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Felix Mendelssohn in 1829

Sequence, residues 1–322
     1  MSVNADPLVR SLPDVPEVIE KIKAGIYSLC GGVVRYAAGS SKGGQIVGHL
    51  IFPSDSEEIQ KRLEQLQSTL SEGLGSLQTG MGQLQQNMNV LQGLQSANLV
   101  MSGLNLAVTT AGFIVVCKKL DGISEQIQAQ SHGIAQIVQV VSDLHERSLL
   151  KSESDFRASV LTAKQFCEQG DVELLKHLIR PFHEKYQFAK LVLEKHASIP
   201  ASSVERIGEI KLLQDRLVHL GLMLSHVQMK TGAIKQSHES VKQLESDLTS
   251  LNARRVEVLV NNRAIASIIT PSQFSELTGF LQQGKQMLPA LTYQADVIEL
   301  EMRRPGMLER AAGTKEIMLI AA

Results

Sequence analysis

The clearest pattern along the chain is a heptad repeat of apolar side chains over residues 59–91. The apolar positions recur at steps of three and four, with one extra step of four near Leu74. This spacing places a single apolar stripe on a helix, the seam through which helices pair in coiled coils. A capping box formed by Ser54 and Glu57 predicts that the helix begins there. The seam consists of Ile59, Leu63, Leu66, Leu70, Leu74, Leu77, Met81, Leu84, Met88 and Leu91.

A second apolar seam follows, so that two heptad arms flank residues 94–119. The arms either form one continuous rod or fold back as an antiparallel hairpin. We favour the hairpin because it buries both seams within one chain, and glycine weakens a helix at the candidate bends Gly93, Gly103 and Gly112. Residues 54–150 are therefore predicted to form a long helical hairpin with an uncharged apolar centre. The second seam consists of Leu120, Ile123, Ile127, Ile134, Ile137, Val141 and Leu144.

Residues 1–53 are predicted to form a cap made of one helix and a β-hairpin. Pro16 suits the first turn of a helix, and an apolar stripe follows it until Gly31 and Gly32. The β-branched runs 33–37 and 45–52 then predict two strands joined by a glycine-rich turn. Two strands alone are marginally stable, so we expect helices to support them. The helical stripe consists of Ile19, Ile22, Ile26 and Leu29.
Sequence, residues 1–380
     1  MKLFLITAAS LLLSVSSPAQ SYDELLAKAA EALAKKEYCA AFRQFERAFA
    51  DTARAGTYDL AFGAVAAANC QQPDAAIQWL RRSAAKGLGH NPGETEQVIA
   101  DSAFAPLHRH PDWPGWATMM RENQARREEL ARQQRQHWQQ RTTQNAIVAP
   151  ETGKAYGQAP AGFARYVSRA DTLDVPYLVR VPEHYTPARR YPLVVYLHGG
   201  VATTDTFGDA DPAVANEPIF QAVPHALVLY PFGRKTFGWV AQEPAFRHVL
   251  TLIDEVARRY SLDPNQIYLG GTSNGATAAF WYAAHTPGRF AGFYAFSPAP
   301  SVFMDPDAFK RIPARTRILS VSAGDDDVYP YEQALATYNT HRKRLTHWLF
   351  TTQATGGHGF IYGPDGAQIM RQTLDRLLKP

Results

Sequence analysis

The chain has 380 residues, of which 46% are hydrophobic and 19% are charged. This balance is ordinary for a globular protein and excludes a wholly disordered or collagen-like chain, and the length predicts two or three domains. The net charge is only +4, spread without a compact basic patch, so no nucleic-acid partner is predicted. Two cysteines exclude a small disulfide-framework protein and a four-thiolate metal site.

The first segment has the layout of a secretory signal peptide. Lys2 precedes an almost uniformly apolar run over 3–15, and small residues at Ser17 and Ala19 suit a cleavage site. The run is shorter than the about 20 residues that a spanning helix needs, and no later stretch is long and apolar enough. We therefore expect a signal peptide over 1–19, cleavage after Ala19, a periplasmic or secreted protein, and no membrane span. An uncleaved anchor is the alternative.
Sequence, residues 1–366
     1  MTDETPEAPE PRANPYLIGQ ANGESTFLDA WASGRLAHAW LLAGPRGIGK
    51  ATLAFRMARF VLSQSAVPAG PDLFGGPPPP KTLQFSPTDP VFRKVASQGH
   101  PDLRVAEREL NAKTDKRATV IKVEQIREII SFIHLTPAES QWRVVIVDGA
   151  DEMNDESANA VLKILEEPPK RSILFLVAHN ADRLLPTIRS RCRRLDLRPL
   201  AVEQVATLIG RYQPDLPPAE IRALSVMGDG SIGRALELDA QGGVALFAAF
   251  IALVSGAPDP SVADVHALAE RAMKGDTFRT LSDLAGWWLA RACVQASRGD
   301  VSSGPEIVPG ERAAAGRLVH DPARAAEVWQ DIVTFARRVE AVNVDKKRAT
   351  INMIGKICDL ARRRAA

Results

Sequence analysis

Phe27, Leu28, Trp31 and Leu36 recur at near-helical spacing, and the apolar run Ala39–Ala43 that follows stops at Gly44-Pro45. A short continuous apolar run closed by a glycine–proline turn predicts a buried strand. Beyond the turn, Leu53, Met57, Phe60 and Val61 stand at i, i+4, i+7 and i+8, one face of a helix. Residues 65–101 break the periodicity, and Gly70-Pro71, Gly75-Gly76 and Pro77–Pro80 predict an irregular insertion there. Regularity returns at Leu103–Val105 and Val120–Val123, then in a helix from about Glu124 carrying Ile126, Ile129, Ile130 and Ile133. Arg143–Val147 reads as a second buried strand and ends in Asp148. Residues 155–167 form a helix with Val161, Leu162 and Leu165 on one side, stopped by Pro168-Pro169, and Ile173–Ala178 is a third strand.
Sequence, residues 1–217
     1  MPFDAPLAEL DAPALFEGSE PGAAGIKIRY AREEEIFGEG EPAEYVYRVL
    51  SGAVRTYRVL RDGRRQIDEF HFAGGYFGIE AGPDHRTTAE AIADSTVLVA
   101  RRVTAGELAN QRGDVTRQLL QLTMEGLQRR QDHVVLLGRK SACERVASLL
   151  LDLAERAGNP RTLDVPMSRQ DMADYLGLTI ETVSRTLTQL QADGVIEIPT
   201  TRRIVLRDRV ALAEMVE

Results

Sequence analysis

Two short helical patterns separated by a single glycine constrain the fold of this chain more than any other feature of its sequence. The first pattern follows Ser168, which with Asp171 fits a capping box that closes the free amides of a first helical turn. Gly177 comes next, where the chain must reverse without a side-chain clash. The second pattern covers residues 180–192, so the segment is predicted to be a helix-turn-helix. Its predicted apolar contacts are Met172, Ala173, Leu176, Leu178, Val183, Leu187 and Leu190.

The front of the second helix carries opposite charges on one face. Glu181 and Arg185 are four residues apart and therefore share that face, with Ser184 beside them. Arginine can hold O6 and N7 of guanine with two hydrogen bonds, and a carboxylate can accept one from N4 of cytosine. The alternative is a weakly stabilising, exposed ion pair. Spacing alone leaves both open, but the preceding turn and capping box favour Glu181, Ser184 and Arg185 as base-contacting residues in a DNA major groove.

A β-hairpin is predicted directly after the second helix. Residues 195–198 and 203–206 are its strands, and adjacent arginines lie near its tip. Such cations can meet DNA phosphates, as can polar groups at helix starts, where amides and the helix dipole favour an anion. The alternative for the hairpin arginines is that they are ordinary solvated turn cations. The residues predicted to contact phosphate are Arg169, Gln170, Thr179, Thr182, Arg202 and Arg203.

Felix Mendelssohn (3 February 1809 – 4 November 1847) was a German composer, pianist, organist and conductor of the early Romantic period, who wrote symphonies, concertos, oratorios, piano music, and chamber music. His best-known works include his Overture and incidental music for A Midsummer Night's Dream, the Italian Symphony, his mature Violin Concerto, his String Octet, and his Songs Without Words for solo piano. He was born into a prominent Jewish family in Berlin, baptised as a Reformed Christian at age seven, and recognised early as a musical prodigy. Mendelssohn revived interest in Bach's music, notably with a performance of the St Matthew Passion in 1829. He enjoyed success in Germany and in his travels throughout Europe as a composer, conductor and soloist. Many of his major works premiered during his ten visits to Britain. He founded the Leipzig Conservatory, which became a bastion of his rather conservative tastes. After a long period of relative denigration, he is among the most popular romantic composers. (Full article...)